Pollinator Ecology in Urban Landscapes

We are seeking motivated applicants for a graduate research assistantship for a Masters or PhD student interested in investigating the response of pollinators to native landscape plantings. The loss of biodiversity is a pressing global issue, and urban areas are influencing biodiversity at increasingly larger scales.  Native plants can support native biodiversity and can increase resource use efficiency in urban landscapes.  There is interest among developers, nurseries, and landscape architects in increasing the use of native plants to support these ecological functions.

This project involves a unique academic-private partnership focused on a large native landscape designed and planted near the gateway to a 24,000-acre community east of Orlando, Florida, being developed by the Sunbridge Stewardship District and Tavistock Development Company.  These partners are providing funding for the graduate assistantship, and they are interested in exploring the use of native plants and sustainable landscape approaches in their development.  Other project partners include Cherrylake landscape company, LifeSoils LLC, and the Sustainable Floridians Benchmarking and Monitoring Program at the University of Florida (UF).

The designed planting has an experimental component that tests the effects of compost and different irrigation schedules on plant growth and performance, and the diversity and abundance of key ecological indicator groups, including pollinators and ground-dwelling beetles.  The student will focus on pollinators, and will collaborate with doctoral students in the Urban Ecology lab at UCF and the Residential Landscape Ecology lab at UF who are focusing on the other project metrics.  The student will develop an independent project that includes this scope.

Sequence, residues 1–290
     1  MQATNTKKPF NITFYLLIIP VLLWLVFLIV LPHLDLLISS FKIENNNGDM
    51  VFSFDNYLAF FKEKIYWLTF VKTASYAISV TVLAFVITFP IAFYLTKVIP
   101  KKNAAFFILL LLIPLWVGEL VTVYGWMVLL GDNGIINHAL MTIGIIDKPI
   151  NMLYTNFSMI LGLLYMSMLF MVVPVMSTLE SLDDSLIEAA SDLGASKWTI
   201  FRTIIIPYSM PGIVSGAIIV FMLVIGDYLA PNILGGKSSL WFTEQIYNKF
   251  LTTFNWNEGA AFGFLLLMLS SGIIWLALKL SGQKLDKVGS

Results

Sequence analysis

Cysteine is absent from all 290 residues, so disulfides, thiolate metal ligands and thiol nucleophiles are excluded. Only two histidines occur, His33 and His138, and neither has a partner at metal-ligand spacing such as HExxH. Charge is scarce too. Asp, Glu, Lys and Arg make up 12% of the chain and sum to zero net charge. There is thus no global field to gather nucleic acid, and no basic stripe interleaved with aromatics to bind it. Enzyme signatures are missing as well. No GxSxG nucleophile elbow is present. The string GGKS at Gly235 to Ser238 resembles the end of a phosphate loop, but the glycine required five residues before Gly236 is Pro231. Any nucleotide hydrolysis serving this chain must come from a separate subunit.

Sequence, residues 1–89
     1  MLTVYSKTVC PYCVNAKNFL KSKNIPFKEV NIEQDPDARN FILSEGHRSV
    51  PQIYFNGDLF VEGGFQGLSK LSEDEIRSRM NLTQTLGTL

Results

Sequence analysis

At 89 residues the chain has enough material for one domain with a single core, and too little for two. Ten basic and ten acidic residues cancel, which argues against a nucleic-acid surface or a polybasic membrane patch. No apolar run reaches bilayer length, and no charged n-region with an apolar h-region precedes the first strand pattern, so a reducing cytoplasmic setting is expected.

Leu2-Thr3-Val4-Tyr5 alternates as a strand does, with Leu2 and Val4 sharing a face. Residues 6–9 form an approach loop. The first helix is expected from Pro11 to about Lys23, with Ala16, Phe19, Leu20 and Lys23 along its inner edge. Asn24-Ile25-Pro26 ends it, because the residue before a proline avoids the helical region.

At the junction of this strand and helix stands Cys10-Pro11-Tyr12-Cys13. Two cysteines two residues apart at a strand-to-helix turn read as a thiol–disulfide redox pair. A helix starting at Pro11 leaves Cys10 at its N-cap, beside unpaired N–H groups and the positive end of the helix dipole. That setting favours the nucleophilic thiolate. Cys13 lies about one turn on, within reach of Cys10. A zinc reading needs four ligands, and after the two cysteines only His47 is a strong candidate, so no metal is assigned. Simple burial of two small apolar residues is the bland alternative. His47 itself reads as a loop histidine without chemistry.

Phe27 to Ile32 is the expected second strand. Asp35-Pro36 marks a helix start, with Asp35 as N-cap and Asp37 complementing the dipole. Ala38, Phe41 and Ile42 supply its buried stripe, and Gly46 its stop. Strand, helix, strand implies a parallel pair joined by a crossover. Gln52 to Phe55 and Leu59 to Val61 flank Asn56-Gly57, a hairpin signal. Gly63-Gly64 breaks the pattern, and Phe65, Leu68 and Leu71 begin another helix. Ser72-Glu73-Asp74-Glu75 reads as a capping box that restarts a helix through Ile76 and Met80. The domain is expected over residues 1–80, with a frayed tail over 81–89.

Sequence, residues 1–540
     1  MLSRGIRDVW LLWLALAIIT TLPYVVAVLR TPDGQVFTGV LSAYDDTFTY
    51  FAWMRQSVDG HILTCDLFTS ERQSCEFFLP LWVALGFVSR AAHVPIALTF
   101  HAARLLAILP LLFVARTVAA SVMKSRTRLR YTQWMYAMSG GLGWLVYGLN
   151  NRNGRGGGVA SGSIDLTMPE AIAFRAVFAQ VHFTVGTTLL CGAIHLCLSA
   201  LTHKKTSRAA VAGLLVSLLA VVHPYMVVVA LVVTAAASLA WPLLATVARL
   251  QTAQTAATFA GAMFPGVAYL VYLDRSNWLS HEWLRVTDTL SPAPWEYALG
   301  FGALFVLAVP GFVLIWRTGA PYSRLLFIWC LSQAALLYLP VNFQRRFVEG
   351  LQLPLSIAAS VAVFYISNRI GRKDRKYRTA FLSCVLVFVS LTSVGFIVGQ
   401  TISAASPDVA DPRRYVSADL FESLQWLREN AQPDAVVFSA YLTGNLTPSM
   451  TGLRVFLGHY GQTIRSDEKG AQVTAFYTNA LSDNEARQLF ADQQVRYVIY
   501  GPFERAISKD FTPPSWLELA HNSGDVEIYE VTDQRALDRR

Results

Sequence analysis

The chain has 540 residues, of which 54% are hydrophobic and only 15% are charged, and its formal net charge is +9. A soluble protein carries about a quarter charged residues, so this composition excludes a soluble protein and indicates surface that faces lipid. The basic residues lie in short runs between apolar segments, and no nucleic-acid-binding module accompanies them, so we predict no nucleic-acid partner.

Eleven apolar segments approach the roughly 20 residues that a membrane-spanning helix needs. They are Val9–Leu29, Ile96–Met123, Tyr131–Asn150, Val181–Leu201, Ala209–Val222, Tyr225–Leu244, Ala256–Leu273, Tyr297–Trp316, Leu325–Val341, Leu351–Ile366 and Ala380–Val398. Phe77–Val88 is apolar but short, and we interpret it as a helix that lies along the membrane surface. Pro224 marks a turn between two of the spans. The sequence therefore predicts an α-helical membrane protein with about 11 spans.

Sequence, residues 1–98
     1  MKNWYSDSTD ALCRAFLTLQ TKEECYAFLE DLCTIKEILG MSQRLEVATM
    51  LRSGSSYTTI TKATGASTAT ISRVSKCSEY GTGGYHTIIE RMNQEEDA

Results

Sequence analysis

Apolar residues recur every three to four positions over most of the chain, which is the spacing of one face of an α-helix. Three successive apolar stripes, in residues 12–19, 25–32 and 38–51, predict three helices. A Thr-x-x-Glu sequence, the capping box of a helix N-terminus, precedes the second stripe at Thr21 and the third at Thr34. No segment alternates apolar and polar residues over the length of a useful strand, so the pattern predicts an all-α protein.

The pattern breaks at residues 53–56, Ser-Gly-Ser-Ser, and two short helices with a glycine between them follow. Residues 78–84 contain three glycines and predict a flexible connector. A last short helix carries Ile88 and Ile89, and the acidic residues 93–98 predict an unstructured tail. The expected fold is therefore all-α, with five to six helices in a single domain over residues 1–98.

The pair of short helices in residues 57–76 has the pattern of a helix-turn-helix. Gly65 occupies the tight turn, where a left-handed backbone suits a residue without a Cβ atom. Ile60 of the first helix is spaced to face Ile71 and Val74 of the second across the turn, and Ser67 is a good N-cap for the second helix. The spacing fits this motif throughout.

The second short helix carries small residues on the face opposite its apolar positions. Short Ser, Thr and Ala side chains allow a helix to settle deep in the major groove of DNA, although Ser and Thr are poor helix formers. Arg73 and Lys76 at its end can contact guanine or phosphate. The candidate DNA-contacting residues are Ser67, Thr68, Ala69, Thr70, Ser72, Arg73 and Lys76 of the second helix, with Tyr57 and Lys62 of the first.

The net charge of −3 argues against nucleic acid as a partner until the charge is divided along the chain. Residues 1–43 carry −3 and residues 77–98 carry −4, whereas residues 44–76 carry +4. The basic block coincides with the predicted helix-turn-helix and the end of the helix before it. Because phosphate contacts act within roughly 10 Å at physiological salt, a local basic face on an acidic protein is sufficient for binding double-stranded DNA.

Strong applicants will have a combination of key skills and attributes, including both biological expertise and leadership ability.  Preferred biological experience includes field work collecting and identifying pollinators or other insects, with a desire to gain more experience with pollinators and and plant-insect interactions.  The student will have key ownership role in the project; thus, strong communication (oral and written) and organizational skills are essential, and experience leading others or working in research teams would be a plus.

Interested candidates should have a B.S (or M.S.) degree in biology, ecology, or a related field, and must be accepted into the graduate program in biology at UCF: the graduate program application deadline is December 1, 2021. To find out more about the graduate program at UCF, visit  https://sciences.ucf.edu/biology/graduate/.  Dr. Patrick Bohlen will be the student’s advisor, and applicants must contact him at patrickbohlen@ucf.edu prior to applying or to get more information. We encourage applicants from underrepresented groups to apply.